The following are all true North Carolina stories — but we never learned the whole story, or else learned it well after the fact:
— A popular schools superintendent in Moore County was suddenly dismissed by the board that employed him, an action that led to a community uproar. The strong reaction led to some board members resigning.
— In Cumberland County, a principal and teacher were suspended then transferred out of their school, and the principal was demoted. Their school community was left shocked and confused.
— Three police officers in Wilmington were fired after making racist and violent comments directed at Black people. Details released by their department afterward showed that two of the officers had a work history that included a previous separation from the department and a demotion.
— In Durham, officers were put on administrative leave because of an internal investigation on whether they consorted with a prostitute. They later resigned on unrelated misconduct — we never learned what that misconduct had been.
The above scenarios share a few things in common. First, the people in each one serves or once served the public, which pays their salaries.
Second, they make decisions that affect our lives, our families, our children, our communities.
Third, we have a right to know what they are up to, as they work on behalf of the public. But in all cases, North Carolina’s overly strict laws governing personnel records kept important and relevant details shielded from the public eye.
A proposed bill in the N.C. General Assembly, Senate Bill 355, The Government Transparency Act of 2021, seeks to change that. The bill’s primary sponsors are Norman Sanderson (R-Carteret, Craven, Pamlico); Bill Rabon (R-Bladen, Brunswick, New Hanover, Pender); and Joyce Krawiec (R-Davie, Forsyth).
The bill would expand what is considered a public record when it comes to personnel files, and we strongly encourage our state legislators to work in a bipartisan way to pass this bill and let the sun shine in. The law has the support of the Gannett family of newspapers in North Carolina as well as the N.C. Press Association.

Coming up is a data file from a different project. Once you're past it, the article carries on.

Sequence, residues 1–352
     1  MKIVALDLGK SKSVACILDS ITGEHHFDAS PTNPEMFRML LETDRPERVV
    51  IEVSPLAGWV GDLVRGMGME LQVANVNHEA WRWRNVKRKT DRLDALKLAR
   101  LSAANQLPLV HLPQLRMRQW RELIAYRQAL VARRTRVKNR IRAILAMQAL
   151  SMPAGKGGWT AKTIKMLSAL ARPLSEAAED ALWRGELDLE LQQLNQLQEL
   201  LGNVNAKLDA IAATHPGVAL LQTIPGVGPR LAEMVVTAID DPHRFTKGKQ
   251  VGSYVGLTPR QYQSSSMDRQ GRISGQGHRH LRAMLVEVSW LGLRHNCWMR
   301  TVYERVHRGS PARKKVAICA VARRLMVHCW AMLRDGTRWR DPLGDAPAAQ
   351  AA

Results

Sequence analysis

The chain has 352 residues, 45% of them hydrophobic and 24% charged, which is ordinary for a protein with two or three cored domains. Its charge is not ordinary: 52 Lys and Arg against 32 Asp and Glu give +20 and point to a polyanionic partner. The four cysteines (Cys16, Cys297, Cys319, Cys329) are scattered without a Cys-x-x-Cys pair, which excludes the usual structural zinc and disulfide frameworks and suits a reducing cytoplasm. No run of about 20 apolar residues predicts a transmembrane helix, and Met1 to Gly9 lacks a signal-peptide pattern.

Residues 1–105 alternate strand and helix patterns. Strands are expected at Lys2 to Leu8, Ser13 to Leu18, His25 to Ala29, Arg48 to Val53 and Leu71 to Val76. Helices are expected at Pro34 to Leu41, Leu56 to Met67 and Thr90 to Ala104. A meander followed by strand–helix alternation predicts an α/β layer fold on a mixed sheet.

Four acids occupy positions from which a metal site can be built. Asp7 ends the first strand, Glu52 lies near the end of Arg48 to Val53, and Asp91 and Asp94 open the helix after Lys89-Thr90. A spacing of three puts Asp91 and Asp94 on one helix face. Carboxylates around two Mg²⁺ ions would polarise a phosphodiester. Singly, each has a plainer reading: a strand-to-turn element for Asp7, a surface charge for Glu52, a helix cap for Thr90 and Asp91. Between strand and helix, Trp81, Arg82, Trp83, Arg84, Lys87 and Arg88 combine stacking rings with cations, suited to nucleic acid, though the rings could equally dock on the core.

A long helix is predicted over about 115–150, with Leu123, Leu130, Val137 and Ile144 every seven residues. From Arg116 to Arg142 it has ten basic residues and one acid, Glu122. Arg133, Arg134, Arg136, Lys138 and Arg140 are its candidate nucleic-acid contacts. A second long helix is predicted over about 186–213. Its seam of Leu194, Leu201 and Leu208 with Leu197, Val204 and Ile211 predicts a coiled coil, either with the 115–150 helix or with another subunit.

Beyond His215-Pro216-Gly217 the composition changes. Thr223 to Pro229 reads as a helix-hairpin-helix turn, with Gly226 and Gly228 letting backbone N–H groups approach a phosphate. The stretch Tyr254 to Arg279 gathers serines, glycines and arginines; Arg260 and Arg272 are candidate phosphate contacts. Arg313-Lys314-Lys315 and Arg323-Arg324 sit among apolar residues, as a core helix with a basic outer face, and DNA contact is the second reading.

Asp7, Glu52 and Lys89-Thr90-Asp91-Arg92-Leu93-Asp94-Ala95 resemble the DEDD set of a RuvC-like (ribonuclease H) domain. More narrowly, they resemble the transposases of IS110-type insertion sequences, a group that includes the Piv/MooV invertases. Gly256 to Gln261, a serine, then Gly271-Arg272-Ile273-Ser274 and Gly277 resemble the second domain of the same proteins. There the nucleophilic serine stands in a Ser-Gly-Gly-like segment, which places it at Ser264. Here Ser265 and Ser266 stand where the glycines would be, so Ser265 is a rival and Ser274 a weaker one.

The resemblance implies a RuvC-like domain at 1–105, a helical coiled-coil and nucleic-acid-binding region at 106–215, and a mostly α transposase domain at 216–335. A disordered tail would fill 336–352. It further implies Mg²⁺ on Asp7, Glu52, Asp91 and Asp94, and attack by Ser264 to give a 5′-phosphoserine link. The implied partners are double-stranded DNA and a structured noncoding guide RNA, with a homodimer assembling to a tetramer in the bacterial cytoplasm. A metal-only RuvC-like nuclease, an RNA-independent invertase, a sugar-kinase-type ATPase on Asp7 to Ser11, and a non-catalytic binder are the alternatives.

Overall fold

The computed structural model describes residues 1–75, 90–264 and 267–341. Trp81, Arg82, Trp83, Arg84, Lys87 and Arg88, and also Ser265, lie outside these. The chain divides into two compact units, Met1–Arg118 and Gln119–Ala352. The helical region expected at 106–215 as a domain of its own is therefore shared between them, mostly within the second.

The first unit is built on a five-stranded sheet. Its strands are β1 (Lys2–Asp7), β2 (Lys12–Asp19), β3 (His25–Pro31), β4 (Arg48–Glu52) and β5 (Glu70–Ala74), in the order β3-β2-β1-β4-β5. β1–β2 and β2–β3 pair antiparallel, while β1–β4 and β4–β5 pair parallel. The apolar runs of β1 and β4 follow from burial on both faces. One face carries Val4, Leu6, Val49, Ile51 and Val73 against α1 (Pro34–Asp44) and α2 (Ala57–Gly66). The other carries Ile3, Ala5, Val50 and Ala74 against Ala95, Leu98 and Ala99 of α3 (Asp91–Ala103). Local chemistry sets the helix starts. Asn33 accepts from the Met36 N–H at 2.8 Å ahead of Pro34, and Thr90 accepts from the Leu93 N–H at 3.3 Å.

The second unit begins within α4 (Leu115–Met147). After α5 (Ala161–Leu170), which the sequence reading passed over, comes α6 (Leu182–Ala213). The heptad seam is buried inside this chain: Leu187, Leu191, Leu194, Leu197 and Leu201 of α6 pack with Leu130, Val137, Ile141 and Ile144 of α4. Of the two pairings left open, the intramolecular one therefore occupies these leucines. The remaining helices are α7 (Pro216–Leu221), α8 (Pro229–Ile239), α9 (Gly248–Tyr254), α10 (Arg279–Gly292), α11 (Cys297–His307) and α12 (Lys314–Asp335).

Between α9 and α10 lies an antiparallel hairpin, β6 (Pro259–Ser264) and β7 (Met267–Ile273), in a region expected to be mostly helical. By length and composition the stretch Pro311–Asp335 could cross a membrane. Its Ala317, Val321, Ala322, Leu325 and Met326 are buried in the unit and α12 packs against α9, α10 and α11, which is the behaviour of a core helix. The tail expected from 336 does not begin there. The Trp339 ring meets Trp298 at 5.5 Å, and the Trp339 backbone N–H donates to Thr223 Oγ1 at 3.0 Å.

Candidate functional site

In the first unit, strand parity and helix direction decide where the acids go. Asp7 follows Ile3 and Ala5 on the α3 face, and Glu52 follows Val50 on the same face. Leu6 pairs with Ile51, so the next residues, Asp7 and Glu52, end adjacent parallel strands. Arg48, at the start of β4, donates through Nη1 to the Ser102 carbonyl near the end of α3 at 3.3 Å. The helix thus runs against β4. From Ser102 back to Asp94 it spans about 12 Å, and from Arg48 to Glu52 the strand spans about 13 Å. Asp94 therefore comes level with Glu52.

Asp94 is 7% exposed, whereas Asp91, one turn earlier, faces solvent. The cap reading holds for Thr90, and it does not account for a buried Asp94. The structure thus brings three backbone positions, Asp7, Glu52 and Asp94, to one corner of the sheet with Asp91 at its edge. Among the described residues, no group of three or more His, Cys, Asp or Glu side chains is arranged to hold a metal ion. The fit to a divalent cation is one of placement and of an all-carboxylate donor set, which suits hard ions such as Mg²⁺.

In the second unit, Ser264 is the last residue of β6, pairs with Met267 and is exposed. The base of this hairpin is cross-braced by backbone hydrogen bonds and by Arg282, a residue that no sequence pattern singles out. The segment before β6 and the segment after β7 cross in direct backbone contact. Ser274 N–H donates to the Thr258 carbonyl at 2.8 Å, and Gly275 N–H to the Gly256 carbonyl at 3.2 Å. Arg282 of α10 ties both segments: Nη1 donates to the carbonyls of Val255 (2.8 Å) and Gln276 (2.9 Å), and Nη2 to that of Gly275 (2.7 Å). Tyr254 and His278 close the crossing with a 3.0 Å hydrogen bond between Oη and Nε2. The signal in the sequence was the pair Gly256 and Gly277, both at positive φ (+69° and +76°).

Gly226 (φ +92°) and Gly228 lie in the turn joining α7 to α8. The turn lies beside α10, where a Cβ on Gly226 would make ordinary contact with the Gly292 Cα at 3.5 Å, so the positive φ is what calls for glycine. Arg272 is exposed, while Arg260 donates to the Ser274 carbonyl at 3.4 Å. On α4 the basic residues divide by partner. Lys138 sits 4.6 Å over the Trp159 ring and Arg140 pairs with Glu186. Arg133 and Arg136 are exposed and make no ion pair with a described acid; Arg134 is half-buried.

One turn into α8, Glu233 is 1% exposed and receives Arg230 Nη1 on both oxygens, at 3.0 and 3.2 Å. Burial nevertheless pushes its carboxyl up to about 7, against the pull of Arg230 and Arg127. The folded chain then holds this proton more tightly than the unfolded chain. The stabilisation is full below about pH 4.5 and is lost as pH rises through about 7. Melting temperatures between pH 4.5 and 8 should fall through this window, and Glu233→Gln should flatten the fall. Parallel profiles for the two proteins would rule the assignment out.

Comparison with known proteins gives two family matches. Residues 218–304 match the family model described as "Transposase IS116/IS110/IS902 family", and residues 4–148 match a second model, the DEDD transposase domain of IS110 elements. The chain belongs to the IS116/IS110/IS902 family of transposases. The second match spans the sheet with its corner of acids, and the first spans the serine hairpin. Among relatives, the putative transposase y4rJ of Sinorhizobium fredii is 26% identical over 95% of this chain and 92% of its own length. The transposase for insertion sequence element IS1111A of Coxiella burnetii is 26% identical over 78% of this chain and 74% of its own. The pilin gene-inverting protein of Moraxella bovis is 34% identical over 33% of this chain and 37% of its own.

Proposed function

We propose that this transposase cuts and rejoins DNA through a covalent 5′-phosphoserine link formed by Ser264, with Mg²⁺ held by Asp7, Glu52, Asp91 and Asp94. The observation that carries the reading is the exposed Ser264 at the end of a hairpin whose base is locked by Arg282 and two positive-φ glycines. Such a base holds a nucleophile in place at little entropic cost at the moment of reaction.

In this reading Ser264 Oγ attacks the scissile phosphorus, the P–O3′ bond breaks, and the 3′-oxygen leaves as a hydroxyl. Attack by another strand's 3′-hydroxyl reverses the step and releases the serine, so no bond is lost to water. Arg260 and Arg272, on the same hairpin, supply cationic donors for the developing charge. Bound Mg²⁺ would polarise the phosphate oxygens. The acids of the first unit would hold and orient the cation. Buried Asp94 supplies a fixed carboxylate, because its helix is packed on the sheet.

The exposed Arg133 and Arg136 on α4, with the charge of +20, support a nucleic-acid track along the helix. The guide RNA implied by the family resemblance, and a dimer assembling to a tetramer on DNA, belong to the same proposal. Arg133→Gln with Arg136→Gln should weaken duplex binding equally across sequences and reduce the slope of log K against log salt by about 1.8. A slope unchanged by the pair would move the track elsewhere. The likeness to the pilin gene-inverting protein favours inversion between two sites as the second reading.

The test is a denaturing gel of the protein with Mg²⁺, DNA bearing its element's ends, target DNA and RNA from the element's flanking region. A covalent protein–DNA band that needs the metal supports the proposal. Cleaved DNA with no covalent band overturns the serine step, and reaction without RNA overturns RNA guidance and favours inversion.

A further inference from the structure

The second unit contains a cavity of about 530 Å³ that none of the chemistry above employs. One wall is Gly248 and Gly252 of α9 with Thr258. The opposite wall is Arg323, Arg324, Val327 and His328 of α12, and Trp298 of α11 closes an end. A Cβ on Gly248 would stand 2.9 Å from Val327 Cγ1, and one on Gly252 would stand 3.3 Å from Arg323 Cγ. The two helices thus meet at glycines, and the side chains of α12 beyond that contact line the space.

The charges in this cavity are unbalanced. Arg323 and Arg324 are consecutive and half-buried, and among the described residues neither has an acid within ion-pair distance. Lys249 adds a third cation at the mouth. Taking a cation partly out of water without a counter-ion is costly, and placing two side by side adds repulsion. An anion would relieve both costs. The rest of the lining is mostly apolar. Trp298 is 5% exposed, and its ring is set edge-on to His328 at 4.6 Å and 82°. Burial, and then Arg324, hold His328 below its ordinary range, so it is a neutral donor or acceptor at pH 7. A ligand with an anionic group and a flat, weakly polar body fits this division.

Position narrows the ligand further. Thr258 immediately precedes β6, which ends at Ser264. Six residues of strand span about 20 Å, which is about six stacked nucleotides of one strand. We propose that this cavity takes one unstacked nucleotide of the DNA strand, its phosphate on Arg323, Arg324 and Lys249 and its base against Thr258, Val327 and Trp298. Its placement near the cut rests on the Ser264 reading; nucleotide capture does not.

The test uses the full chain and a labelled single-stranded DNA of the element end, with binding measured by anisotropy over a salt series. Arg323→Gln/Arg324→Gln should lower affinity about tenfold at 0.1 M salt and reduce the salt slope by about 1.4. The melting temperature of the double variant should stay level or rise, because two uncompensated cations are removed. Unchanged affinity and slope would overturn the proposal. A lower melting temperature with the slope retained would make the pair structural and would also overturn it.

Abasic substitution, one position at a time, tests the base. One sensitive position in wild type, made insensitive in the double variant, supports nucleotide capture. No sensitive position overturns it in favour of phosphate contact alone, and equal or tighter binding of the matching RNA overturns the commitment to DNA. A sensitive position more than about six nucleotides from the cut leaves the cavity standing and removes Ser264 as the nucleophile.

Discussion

The Transparency Act would bring North Carolina’s open records law more in line with most of its peers; at least 39 states have laws that grant greater public access to public employee’s personnel records.
In North Carolina, state law allows state and local boards to release only the most bare information from an employee’s personnel file, such as start date and salary. An exception is dismissals, where the reasons for the action can be included in a written notice that is a public document.
But even when it comes to dismissals, public officials often do an end-run around the law by simply not generating a dismissal letter or excluding the reason for dismissal, says John Bussian, a lawyer who represents the N.C. Press Association.
He says: “The biggest hole in North Carolina’s public records law right now, the biggest hole in the public’s right to know, is lack of access to these hiring, firing and performance records, that are an article of faith in the vast majority of other states in the country.”
Under the new Government Transparency Act, the important details of administrative actions involving a public employee would be made available for dismissals, demotions, transfers, suspensions, separations and any “other change in position classification.”
In other words, if a public employee is bounced around or suspended or demoted, we can know the reasons why.
One can easily see how the law as currently written favors the government official over the public he or she serves and why Bussian says it fosters a “culture of secrecy.” This secrecy undermines trust in our institutions.